During the last North American ice age, large numbers of icebergs calved from the North American ice sheet and plunged into the North Atlantic Ocean. Scientists have thought that these iceberg surges disrupted a key ocean circulation pattern, but a new study found little evidence of a disruption during some of the major iceberg surges.
Understanding the controls on and the stability of this ocean circulation system could help scientists better assess this system’s vulnerability to future climate change.
These major iceberg surges are known as Heinrich events. While the study found evidence that some Heinrich events had a major impact on the system of ocean currents that transfer heat from the Southern to the Northern Hemisphere (Atlantic Meridional Overturning Circulation, or AMOC), the study found little evidence of major changes to the AMOC for two of the Heinrich Events that occurred earlier, at the height of the last ice age, at about 24,000 and 31,000 years ago.
“That’s surprising, you would expect to see disruption for all of the Heinrich events,” said Jean Lynch-Stieglitz, a professor in the School of Earth and Atmospheric Sciences at the Georgia Institute of Technology in Atlanta, and the study’s lead author. “We just didn’t see any indication that anything out of the ordinary was going on during those previous Heinrich events.”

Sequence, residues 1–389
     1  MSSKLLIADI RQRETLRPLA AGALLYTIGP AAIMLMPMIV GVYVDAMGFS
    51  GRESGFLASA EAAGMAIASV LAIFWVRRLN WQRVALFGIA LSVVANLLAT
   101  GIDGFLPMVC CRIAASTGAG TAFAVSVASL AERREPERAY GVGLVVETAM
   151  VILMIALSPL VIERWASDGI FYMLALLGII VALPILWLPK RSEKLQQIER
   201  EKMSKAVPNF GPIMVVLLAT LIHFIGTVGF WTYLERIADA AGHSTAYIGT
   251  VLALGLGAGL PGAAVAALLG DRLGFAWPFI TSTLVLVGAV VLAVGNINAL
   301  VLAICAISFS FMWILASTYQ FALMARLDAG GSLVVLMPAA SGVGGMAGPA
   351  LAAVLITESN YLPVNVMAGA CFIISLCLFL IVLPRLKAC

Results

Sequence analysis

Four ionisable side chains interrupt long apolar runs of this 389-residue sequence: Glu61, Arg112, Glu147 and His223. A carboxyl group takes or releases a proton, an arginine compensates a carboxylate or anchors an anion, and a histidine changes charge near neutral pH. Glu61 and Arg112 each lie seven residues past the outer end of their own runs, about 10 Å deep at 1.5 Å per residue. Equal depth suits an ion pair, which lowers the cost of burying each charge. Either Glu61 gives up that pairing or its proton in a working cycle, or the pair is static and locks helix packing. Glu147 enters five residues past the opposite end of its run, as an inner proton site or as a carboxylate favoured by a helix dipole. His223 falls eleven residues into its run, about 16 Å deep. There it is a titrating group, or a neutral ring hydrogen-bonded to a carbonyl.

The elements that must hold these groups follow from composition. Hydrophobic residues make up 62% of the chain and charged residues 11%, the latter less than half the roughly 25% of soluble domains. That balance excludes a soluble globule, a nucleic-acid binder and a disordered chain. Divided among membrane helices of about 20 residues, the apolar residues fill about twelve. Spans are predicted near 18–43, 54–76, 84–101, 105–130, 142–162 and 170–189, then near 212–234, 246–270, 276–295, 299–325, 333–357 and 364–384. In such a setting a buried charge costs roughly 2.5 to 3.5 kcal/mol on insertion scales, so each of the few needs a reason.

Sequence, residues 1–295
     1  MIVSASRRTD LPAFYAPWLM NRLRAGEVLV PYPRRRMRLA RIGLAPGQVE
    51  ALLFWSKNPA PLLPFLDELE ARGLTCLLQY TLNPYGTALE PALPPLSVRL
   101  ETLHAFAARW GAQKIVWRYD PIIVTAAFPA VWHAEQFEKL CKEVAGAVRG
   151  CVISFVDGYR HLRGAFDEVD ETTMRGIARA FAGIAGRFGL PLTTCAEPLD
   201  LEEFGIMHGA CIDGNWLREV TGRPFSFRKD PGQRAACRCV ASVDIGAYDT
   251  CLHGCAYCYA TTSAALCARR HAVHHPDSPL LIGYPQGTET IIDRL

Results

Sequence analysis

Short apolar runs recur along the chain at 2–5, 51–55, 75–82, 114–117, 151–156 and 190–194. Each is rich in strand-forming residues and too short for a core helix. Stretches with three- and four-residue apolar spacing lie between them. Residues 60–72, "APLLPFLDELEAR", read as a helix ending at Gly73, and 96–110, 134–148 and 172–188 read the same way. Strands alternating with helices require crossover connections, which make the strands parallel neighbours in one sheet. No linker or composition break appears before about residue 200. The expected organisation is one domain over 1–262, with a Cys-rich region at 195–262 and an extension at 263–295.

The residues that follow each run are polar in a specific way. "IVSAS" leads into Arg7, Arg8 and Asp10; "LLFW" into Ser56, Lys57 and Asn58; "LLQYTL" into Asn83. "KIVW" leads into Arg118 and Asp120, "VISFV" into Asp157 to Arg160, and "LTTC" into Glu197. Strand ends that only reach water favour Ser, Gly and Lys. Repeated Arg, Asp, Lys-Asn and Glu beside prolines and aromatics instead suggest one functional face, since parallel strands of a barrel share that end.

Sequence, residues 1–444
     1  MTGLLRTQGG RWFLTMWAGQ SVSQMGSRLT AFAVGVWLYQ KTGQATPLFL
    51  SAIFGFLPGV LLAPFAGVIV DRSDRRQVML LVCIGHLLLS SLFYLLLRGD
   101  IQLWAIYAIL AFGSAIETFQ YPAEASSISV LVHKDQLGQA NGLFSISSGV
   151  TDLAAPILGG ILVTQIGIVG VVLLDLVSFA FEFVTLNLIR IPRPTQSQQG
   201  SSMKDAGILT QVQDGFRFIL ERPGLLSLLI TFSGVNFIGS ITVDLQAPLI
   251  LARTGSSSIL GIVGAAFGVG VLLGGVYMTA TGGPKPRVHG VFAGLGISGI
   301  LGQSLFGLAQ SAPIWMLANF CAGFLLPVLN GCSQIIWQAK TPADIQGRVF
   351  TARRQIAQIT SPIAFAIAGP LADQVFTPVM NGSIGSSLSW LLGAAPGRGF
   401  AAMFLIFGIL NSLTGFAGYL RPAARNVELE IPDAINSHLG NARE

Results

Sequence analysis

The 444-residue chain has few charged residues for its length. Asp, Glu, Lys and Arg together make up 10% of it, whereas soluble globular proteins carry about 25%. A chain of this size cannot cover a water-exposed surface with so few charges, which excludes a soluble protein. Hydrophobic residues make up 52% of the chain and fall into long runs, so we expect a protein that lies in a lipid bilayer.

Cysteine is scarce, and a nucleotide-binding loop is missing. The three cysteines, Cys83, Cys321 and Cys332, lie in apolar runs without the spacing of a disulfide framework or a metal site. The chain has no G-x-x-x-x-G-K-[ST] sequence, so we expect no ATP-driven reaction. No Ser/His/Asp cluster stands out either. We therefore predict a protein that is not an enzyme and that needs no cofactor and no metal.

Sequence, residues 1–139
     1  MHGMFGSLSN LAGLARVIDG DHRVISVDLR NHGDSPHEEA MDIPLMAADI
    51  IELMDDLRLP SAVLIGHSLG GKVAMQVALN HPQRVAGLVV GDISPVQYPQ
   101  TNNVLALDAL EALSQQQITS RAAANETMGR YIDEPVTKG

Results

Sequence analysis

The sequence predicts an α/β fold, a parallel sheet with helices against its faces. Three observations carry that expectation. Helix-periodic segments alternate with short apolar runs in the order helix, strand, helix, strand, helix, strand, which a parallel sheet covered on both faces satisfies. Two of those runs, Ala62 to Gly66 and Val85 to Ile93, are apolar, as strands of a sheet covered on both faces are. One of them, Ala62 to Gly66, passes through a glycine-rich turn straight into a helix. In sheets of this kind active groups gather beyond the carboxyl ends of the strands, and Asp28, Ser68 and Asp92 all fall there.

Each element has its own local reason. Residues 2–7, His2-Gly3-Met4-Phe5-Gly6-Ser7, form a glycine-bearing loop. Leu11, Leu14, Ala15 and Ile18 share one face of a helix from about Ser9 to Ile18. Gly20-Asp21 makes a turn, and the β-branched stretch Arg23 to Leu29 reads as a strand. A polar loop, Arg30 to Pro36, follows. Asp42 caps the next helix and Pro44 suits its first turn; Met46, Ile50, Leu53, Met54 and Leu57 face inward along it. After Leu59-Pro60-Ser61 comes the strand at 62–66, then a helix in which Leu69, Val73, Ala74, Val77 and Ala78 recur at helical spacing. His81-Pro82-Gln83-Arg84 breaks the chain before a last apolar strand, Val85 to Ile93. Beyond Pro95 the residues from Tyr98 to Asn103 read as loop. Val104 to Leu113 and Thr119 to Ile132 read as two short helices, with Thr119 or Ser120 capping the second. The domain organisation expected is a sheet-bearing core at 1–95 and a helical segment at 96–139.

The study was published January 12 in the journal Nature Geoscience and was supported by the National Science Foundation (NSF). One of the paper’s co-authors, L. Gene Henry, was an undergraduate at Georgia Tech during the research project.
The study’s findings suggest that the broader climate changes seen at the time of the Heinrich events — changes in precipitation at lower latitudes, for example — may not be linked in a direct, simple way to the AMOC.
To examine the impact of Heinrich events on this ocean circulation, the researchers travelled to the Florida Straits, where they took sediment cores from the ocean floor. They analyzed the fossilized shells of a bottom dwelling single celled organisms (foraminifera) for specific oxygen and carbon isotope ratios. These isotopes provide valuable information about the properties of the seawater in the Florida Straits at the time when these small shells were formed over the past 35,000 years.
“Surprisingly, it’s been very, very difficult to get good records of the past variability of the overturning circulation on these time scales,” Lynch-Stieglitz said.
Previous studies have examined the influence of Heinrich events on the AMOC, but the results have been conflicting. Most of the previous studies examined carbon isotopes in deep water foraminifera. Lynch-Stieglitz’s team used a new approach to the problem by examining the upper part of the overturning circulation. The research team also used computer models to show the sensitivity of the seawater properties at these shallower depths to changes in ocean circulation.
“Understanding the controls on and the stability of this circulation system will ultimately help scientists to better assess the AMOC’s vulnerability to future climate change,” Lynch-Stieglitz said.
This research is supported by the National Science Foundation (NSF) under award number OCE-0096472, OCE-0648258, and OCE-1102743. Any conclusions or opinions are those of the authors and do not necessarily represent the official views of the NSF.
CITATION: Jean Lynch-Stieglitz, et al., "Muted change in Atlantic overturning circulation over some glacial-aged Heinrich Events," (Nature Geoscience, January 2014). (http://dx.doi.org/10.1038/NGEO2045).
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Writer: Brett Israel